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It is estimated that 70% of all health care decisions affecting a diagnosis or treatment plan for a patient involve a pathology investigation (or laboratory test)*. Decisions on an individual’s diagnosis, treatment and subsequent therapeutic monitoring are often dependent on a range of pathology-based results, which can affect imaging and radiation, pharmacy, surgery, nutrition, oncology and clinical care.
Medical Technologist Jennifer Jameson and Medical Laboratory Scientist Rochelle Colby, who are both certified by the American Society for Clinical Pathology and work in the on-site Laboratory at Cancer Treatment Centers of America® in Tulsa (CTCA Tulsa), recently presented at the 23rd Annual Association of Oklahoma Nurse Practitioners Conference in MidWest City about the importance of labs. The following are some of the best practices and highlights they shared:
Results are only as good as the specimens
“It’s important to know that lab results are only as good as the specimens that we get,” explained Jameson, who has worked in microbiology for 23 years. “That’s why it’s critical to use two patient identifiers and write them on the specimen container, including date, time and the collector’s initials. Even the tube types that carry the specimens and the way they are transported make a difference – some tests can be temperature dependent, sensitive to light exposure or need to be in a preservative within minutes.”
Multiple steps help to prevent errors
“There are multiple steps in the collection process, all in place to prevent errors,” added Colby, who serves as the lead hematology tech at CTCA Tulsa. “Safeguards are in place, like proficiency testing, inventory control, temperature logs, quality control, test records and preliminary positive test monitoring. Each step includes elements of quality assurance.”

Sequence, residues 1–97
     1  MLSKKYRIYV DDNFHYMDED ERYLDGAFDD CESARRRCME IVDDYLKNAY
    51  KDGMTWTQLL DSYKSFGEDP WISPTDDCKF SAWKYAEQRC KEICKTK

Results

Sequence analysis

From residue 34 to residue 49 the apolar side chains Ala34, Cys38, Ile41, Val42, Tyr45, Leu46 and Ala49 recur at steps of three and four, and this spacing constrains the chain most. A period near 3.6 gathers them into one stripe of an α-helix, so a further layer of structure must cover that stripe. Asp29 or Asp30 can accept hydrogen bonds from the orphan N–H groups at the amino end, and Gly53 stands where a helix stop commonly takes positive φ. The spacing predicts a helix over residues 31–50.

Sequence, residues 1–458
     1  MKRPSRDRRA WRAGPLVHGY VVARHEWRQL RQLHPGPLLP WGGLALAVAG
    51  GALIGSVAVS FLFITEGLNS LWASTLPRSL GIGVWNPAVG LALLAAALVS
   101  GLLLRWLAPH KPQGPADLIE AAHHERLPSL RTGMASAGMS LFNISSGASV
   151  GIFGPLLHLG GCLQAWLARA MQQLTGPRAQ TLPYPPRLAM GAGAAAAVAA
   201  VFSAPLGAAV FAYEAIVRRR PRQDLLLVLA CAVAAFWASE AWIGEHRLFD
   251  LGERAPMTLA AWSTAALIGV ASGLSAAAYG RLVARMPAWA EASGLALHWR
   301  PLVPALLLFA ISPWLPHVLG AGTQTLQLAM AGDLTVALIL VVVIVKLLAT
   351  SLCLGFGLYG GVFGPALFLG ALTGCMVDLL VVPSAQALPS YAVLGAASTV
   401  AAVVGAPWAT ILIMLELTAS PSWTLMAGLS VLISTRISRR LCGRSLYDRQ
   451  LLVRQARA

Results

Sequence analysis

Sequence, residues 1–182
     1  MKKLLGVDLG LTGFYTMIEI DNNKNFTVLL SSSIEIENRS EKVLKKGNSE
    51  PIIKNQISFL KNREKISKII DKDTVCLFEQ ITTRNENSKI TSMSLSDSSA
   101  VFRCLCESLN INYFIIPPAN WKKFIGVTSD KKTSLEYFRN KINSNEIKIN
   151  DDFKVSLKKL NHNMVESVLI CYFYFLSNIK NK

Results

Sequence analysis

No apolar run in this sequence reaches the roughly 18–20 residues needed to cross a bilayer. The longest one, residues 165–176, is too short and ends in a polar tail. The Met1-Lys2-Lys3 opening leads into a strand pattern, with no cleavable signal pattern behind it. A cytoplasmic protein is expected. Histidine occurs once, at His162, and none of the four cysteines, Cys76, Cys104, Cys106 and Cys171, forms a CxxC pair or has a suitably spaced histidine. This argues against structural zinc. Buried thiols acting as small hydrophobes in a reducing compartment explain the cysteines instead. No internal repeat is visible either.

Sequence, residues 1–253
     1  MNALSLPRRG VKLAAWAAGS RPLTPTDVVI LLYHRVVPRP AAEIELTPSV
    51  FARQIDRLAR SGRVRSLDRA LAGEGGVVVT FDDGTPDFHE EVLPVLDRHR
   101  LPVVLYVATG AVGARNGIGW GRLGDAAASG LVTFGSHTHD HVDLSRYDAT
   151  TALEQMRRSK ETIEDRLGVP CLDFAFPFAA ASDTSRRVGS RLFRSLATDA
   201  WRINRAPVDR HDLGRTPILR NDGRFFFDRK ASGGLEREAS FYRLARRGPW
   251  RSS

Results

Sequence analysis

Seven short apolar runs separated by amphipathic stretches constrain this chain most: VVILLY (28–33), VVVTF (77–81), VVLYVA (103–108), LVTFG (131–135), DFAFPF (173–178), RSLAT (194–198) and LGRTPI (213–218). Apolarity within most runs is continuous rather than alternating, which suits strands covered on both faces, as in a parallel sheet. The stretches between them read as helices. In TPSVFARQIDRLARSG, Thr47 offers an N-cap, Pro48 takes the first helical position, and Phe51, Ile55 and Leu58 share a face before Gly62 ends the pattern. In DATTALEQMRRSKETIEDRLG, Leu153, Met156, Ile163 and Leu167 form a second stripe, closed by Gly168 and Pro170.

For example, when gathering blood work, there are issues when the tubes are under filled or over filled. “Under filling can cause a dilution of the plasma, resulting in underestimation of clotting factor levels,” said Colby. “Over filling by 120% may also give erroneous results.”
Antibiotic resistance is a real issue
“An estimated 50% of antibiotic use in humans is unnecessary and inappropriate,” said Jameson. “The most recent estimates show that antibiotic-resistant bacteria cause more than 2 million illnesses and 23,000 deaths annually in the US.” Antimicrobial resistance is an increasingly serious threat to health at the patient, community and global level. Jameson notes that the rate of resistance is increasing faster than new antimicrobials are being discovered. For example, Methicillin was introduced in 1960 and resistance was detected in 1962; Levofloxacin was introduced in 1996 and resistance was detected in 1996.* These highlights show the importance of good laboratory practices and why they are important to keep in mind.
*Sources: Centers for Disease Control and Prevention. The Clinical Biochemist Reviews